Dent-Coad, who says Brexit is the "top" issue on the doorstep in the wealthier parts of the constituency, believes she too has a good story to tell on her longstanding opposition to the "appalling" impacts of leaving the EU.

But she won't be drawn into criticising the party's national position on the issue, which pitches Jeremy Corbyn as a neutral voice in a future referendum, and says she is willing to defend its stance on the doorstep rather than simply shrugging it off. "I say 60% of Labour constituencies voted to Leave, and it's not for us to say that they're wrong," she says. "That is the reality. So we have to try and bring people together and look at the issues behind those big decisions I think. That's the plan."

And, in a clear dig at Gyimah, Dent-Coad - a political campaigner now for fifty years - adds: "I have not changed party. I haven't changed my mind about things. My politics has been pretty solid for as long as I can remember."


With days to go until Kensington decides, Dent-Coad has been drawing on support from Labour groups across London, with hundreds of volunteers descending on the constituency as she seeks to hold on. "Two-and-a-half years ago we were thrilled to bits to get 15 or 20 people out. We've now had up to 200 so it's kind of managing the crowds. But it has been amazing and incredible to get that support."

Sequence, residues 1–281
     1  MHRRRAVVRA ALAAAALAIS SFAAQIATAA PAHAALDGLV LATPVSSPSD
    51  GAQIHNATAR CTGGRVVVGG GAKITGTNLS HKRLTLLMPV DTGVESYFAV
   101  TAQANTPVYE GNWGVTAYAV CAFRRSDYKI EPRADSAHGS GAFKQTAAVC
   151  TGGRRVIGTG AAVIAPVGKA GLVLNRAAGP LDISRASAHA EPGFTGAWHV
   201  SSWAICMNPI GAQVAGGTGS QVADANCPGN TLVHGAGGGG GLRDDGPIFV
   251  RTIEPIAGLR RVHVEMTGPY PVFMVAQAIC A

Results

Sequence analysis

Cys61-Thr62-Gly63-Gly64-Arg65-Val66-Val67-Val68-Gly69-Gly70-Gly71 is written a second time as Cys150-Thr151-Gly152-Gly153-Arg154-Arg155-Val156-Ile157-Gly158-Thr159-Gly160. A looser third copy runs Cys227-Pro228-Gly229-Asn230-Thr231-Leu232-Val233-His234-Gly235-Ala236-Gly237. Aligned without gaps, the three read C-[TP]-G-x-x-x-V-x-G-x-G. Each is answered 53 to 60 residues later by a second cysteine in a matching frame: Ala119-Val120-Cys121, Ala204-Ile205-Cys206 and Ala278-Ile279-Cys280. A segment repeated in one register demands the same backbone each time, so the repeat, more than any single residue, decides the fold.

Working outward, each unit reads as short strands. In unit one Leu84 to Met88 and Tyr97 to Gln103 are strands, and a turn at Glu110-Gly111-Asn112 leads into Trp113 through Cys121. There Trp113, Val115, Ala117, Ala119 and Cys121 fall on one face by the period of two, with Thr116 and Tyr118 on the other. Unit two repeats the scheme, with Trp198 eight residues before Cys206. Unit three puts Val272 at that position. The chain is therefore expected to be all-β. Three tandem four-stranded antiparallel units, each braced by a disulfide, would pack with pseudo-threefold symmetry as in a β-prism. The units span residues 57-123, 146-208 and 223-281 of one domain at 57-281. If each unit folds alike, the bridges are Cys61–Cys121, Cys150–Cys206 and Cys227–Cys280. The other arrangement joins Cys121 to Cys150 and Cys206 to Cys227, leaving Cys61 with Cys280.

The Lib Dems too have been pounding the pavements, with Gyimah - who is brimming with enthusiasm and genuinely seems to be enjoying his time taking potshots at his old party - darting straight from the hustings to his next engagement. 

Before he heads off into the bitter night, the Lib Dem challenger shrugs off suggestions that leaving the Tories, where he lost the whip after rebelling over a no-deal Brexit, was a career-minded move. "There is nothing opportunistic when an MP leaves a safe seat to run in a marginal," Gyimah chuckles. "There's nothing opportunistic about that. And actually voters here are very politically engaged and have followed my political journey. And there are voters who are making the same political journey, either from the Conservative Party to the Lib Dems or from the Labour Party to the Lib Dems. So I haven't had any serious talk about it. Of course I expect my political opponents to try and portray it as something else - but they are my opponents, after all."